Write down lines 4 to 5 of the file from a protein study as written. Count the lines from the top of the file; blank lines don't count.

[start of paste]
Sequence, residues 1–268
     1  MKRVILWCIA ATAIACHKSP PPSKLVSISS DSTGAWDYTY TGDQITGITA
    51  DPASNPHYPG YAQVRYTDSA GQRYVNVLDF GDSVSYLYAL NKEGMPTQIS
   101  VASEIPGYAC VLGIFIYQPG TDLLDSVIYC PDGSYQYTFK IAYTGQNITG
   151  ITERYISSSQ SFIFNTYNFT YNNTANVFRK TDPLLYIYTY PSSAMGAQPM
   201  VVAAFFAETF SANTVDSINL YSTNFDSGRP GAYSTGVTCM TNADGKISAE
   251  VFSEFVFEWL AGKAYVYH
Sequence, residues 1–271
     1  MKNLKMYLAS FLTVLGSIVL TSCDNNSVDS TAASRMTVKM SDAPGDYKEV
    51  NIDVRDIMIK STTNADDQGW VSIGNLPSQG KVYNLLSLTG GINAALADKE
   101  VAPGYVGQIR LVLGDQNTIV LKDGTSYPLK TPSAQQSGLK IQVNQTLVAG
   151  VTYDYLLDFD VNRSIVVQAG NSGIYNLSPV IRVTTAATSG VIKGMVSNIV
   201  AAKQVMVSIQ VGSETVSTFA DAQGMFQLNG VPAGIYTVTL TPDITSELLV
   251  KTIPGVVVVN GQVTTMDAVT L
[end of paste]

   101  VASEIPGYAC VLGIFIYQPG TDLLDSVIYC PDGSYQYTFK IAYTGQNITG
   151  ITERYISSSQ SFIFNTYNFT YNNTANVFRK TDPLLYIYTY PSSAMGAQPM